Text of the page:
Depo-Provera and Pregnancy
Because it is classified as a pregnancy Category X medicine, Depo-Provera (medroxyprogesterone intramuscular injection) should not be used in women who are expecting. Medications in this classification can cause harm to an unborn child. If you are using this drug and are thinking about becoming pregnant, talk to your healthcare provider about how to prevent any risks to the unborn child.
Can Pregnant Women Use Depo-Provera?Depo-Provera® (medroxyprogesterone intramuscular injection) is a prescription medication approved to prevent pregnancy. It is also used with other medicines in advanced forms of renal cancer (kidney cancer) and endometrial cancer, to help relieve cancer symptoms. It contains medroxyprogesterone, a derivative of the hormone progesterone.
Depo-Provera has been given a pregnancy Category X classification based on its risks during pregnancy. The use of a pregnancy Category X medicine during pregnancy is not recommended.
What Is Pregnancy Category X?The U.S. Food and Drug Administration (FDA) uses a category system to classify the possible risks to a fetus when a specific medicine is taken during pregnancy. Pregnancy Category X is given to medicines that have caused problems in the fetus during animal studies or in human use of the medication. With this category, the potential risks clearly outweigh the possible benefits.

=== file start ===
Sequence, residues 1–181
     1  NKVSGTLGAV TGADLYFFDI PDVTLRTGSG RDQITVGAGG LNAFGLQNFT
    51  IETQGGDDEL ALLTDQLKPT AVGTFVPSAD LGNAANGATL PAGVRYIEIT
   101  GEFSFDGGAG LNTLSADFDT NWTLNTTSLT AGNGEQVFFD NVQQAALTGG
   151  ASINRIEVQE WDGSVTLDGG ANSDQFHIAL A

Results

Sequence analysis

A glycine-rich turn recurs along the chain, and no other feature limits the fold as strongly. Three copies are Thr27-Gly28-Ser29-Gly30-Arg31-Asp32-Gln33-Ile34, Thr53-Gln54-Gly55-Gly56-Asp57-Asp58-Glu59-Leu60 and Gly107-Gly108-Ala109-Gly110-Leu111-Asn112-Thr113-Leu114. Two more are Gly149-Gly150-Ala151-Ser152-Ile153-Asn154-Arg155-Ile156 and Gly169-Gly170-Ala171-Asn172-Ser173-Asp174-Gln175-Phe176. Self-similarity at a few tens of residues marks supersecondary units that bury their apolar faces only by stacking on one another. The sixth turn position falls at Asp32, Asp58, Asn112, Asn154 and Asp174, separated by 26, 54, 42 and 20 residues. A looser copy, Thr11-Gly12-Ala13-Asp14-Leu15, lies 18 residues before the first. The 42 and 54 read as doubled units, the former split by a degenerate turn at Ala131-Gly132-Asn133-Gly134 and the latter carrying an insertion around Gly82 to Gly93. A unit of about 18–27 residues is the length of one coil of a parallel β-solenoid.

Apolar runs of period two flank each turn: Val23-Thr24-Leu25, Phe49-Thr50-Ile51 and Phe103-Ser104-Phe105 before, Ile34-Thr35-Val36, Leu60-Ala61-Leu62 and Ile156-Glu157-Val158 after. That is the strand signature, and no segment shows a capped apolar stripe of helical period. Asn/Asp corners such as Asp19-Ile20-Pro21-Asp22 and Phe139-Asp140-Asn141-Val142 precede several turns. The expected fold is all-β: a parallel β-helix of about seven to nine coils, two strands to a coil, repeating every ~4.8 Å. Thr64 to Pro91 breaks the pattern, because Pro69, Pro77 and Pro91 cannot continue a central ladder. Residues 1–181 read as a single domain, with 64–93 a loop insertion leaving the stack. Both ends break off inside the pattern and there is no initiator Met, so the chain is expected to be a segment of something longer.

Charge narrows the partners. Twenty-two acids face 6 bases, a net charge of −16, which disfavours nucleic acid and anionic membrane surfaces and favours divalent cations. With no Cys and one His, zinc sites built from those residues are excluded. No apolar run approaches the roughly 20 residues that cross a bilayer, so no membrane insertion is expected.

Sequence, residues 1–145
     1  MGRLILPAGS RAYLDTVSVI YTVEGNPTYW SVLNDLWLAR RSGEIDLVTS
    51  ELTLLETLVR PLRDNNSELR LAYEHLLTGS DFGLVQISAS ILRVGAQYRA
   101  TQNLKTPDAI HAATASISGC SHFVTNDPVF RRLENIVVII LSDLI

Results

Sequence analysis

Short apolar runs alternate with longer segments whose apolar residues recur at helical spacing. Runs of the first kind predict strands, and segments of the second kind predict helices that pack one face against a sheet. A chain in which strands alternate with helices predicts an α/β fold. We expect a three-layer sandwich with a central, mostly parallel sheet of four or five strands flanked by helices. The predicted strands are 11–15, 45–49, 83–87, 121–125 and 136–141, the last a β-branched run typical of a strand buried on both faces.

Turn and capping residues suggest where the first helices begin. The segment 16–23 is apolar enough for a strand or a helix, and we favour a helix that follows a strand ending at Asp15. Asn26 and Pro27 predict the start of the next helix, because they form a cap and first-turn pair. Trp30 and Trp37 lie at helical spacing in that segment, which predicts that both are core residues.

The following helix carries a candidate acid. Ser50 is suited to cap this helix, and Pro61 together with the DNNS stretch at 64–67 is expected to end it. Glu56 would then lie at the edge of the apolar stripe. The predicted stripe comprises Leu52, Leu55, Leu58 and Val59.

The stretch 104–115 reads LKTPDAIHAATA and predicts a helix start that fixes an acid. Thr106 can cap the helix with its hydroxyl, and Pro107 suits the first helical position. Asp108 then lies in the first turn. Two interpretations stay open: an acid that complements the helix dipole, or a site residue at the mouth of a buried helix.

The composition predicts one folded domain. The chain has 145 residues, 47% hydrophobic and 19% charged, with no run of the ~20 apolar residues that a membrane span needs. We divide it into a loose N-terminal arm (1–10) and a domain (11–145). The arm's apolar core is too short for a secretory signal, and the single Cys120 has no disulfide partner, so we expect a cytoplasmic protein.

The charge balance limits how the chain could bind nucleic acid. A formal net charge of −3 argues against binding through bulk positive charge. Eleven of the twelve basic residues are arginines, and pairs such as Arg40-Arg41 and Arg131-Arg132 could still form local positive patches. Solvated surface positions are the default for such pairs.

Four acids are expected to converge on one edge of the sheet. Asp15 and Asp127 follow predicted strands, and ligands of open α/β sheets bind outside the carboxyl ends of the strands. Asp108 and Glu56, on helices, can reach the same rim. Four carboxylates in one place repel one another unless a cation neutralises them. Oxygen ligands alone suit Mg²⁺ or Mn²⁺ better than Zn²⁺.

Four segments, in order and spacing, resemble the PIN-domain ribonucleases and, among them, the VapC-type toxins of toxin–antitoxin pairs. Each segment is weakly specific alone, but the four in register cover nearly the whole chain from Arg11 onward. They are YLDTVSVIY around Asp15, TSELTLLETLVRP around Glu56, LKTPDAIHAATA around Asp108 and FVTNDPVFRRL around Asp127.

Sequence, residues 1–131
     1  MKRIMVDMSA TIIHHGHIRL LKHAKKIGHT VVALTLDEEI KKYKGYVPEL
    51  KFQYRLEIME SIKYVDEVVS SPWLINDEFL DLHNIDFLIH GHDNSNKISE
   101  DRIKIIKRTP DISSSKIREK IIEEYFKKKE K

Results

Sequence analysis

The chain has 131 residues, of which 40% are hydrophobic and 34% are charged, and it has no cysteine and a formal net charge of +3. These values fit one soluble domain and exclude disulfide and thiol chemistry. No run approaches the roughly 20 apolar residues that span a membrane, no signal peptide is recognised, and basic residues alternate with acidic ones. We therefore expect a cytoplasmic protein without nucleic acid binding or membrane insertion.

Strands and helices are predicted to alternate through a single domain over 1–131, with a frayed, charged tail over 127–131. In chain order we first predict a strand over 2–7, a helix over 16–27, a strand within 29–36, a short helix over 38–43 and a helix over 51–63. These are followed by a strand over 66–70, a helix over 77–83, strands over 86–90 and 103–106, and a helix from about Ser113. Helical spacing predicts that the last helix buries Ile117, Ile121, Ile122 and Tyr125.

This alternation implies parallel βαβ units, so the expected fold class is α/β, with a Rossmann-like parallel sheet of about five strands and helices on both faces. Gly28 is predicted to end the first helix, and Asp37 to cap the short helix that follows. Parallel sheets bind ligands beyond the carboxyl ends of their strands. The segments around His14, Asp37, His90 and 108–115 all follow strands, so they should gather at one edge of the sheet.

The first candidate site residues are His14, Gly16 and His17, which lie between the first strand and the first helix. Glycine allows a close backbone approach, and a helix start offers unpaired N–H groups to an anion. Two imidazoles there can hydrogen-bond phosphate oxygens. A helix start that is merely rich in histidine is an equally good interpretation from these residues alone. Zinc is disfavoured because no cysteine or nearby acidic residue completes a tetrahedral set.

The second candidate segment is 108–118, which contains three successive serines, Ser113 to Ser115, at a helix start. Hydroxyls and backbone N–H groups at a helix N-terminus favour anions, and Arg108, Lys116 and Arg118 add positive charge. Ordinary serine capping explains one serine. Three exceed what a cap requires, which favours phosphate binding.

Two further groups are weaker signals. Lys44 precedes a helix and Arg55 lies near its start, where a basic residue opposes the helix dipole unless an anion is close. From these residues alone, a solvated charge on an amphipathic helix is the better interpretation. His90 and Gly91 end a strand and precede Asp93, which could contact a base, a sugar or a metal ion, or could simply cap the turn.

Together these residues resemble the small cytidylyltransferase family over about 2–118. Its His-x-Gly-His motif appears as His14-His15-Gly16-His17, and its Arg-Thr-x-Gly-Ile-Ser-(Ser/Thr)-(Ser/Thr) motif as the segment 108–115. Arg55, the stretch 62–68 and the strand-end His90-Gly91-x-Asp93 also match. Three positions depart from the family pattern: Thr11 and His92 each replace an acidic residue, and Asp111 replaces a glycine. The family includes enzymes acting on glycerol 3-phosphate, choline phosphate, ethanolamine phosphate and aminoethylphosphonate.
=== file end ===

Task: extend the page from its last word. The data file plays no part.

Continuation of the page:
The hormone contained in Depo-Provera (medroxyprogesterone) was once used to prevent early miscarriages in pregnant women. However, there was no evidence that it was effective for this use, and it is no longer prescribed for this purpose. At this time, Depo-Provera has no well-established uses during pregnancy.
When given during the first trimester of pregnancy, Depo-Provera may increase the risk for abnormal development of the baby's genitals. However, it is unclear whether this risk truly exists. Some studies suggest there is a link between the use of progestin medicines (like Depo-Provera) and abnormal genital development. Other studies, however, fail to show an increased risk for this, or other, birth defects with medroxyprogesterone use.
This drug may also decrease a baby's birth weight if given to a pregnant woman early in her pregnancy. However, this decreased birth weight does not appear to affect later growth. Studies have failed to show any long-term adverse effects in children exposed to medroxyprogesterone in utero (in the womb).
Although Depo-Provera is considered a pregnancy Category X medicine and is not recommended for use during pregnancy, there does not appear to be an increased risk for birth defects in women who unintentionally receive a Depo-Provera shot early in their pregnancy.